James: Absolutely. I think something, this is a total kind of right turn here, but you know, you talked about how there was like more companies that were willing to pay less. I think something that I think about, and this is more of like a next year thing, right?
As Meta and TikTok become more go after this space, more obviously, like both companies are getting kind of crushed right now. I mean, I think while who knows, like tick's results are probably a little harder to kind of get a sense of, but I know they claim they were gonna be 2 billion down on expectations this year on revenue. They've got hiring freezes. Obviously Matt has got layoffs, like iOS stuff is killing them. We talked about that in, in one of your pieces at at Morning Brew. The place that it makes sense for both of those brands to come in is in discovery, like in the discovery side of things and then like pay payments.
But something I talked to influencers about is that like Facebook coming in and commoditizing what you do is probably like a pretty bad thing. It's like for most influencers, they might be competing with a hundred other people right now for a deal, but if Meta launches this thing and now they're competing with a million people and it's a marketplace where you can just like pick a price and then like that drives prices down dramatically for influencers, which for Meta generally they probably would like influencer marketing to be cheaper because then like ROAS will be higher return on ad spend and they can sell more of those ads. So like generally, I actually think like the platforms getting involved in this space is like a nightmare for influencers.
Phoebe: I completely agree. I completely agree.
James: Probably good for brands to drive down per influencer pricing. They may not say that, but like ultimately they would like that, but they're probably the only force that can dramatically drive down influencer pricing.
Phoebe: I have to ask you, are you like bullish or bearish on these, you know, creative marketplaces from the platforms in general as to like how they'll do long term?
James: I'd say generally bearish. I mean Meta and TikTok, the people that I've talked to in those organizations have literally no idea what they're talking about when it comes to influencer marketing. They're like it, it's, it's actually shocking how little they understand it or the extent to which they will fully misunderstand the industry so they could make it so that you have to work with them. Like you have, if you are going to put a hashtag sponsored post on Instagram that you have to put the payment through meta.
Phoebe: Like, but can you just imagine them like trying to enforce that? Like they can't, they can barely enforce people having to actually use that hashtag in the first place. You know what I mean? Like, that would be such a nightmare.
James: If we think about the like billions of dollars of, of revenue they're losing on, on the advertising side. Maybe.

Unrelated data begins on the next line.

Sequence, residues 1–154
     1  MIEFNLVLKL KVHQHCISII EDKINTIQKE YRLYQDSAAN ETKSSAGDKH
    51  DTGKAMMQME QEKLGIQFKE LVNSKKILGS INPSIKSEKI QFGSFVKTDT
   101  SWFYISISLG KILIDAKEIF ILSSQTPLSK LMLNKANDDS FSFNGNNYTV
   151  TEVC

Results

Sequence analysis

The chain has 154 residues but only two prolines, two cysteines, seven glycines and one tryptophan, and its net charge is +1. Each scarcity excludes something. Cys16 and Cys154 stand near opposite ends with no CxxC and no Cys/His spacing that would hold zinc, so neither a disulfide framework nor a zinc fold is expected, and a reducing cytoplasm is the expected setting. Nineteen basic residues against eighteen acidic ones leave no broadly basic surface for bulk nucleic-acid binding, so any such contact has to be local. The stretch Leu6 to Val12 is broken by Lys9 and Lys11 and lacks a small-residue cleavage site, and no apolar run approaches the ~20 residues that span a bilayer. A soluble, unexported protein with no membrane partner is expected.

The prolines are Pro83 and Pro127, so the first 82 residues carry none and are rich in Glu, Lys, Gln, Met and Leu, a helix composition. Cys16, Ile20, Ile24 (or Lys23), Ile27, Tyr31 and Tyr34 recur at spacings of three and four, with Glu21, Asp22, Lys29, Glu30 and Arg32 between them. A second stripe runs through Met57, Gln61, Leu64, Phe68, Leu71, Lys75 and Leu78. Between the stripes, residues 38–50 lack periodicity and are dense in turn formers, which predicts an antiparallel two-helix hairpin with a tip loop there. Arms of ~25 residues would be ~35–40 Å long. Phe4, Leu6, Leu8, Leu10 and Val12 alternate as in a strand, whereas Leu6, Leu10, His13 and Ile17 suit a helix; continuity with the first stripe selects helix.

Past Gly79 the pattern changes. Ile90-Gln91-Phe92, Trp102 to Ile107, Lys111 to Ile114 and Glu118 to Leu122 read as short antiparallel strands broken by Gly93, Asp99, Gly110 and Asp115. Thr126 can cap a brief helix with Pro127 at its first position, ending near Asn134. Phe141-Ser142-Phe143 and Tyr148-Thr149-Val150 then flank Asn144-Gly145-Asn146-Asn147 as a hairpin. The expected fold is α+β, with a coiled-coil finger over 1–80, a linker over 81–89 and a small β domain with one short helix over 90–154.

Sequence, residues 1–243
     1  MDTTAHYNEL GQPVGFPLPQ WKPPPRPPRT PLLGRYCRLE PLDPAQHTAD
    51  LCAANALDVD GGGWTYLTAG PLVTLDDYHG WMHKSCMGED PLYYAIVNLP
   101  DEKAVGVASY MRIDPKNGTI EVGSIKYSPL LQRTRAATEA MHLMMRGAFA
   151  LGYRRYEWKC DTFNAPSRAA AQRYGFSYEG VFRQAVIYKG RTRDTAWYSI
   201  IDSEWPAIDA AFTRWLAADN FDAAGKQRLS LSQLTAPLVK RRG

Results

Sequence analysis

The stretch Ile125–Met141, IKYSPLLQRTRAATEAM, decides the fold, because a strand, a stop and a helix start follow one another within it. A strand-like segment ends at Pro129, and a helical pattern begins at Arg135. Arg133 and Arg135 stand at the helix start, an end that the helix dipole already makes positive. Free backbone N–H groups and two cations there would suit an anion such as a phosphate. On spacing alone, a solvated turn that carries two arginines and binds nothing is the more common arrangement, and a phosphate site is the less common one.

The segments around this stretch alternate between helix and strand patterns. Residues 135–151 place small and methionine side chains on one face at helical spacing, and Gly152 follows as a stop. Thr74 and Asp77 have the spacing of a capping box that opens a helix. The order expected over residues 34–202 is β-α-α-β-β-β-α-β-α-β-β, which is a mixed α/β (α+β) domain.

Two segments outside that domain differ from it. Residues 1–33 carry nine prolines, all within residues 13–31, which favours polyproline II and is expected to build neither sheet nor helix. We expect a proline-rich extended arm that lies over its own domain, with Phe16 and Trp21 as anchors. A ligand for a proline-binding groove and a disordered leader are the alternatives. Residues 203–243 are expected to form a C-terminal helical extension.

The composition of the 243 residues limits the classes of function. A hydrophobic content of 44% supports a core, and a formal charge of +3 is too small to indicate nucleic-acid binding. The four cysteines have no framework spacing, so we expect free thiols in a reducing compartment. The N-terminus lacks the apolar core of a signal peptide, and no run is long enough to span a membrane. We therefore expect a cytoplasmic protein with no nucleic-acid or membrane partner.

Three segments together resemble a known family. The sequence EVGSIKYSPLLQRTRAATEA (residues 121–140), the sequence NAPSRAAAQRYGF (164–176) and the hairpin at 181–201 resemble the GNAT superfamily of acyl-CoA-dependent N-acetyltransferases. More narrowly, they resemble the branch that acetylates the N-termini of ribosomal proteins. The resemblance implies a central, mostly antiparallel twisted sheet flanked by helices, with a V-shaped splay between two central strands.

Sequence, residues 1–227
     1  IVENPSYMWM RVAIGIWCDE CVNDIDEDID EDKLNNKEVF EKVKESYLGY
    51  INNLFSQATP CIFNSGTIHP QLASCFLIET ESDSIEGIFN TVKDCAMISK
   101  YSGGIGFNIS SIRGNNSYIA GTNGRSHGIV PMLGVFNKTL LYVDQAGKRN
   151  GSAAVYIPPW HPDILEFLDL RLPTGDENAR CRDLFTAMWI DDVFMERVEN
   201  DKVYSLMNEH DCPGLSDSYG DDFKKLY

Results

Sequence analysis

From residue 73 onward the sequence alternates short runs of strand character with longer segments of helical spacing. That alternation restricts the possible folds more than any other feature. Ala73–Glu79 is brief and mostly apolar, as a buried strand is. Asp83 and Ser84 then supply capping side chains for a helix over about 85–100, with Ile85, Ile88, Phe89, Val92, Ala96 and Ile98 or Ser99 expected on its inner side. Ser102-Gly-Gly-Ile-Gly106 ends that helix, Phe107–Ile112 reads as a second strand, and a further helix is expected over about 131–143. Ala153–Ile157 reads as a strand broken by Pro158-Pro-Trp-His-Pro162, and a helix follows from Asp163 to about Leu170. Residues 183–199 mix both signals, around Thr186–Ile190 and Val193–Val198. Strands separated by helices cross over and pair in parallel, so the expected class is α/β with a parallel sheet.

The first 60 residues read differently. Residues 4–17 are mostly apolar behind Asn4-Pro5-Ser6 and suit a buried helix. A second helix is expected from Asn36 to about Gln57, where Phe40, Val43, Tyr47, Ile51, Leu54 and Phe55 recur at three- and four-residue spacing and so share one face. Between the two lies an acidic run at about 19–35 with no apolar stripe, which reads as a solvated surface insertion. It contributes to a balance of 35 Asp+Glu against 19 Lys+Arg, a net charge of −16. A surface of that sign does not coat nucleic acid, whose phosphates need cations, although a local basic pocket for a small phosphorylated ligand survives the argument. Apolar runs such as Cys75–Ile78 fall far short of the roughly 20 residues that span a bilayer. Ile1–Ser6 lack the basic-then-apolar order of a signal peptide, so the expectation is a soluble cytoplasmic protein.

Phoebe: There's some incentive <laugh>.
James: Right? It is like, it is realistically the only way they can, because like the work we do on the like services side is like very people intensive, you know, like for us, you know, to run a a million dollars of spend takes, you know, two or three people. Yeah. You know, and Facebook's never gonna do that. They're not gonna go and hire 10,000 account people. Yeah. Build a like, enormous agency. They're not gonna like go buy, you know, Ogilvy or something. But that's what they would need to do to like support this work at a large scale. So as you think about like, scalable ways that they will enter the influencer space, ultimately their end goal is selling paid ads against the content that you create. That's like where they make their money, right? Cause from a margin perspective, if it, if I'm paying an influencer a thousand bucks, the most Facebook can take probably is 5% of that. Mm-Hmm. <affirmative>, but five by thousand dollars of advertising, they take all of it. So ultimately, like it actually is not a big money maker. And when people are like, oh, are you worried about Facebook? You know jumping in and doing this, it's just like, look, they, they make like 10 million a minute or something.
Phoebe: Yeah, exactly.
James: I think that's the actual figure.
Phoebe: I have no idea. But I think it is, it doesn't sound wrong to me at all.
James: <Laugh> ultimately, like a month of revenue for them is bigger than the entire influencer marketing space as far as like margin and what they could keep. It's like it's minuscule. So it actually just like, doesn't make an enormous amount of sense for them. But that is how they would get involved. TikTok is like much more, and I'm sure you've seen this in your reporting as well, like they're much more open to it. They've got a structure in place to even deal with companies like ours. We have like reps that work with us and it like Meta meta. We just like don't have anyone.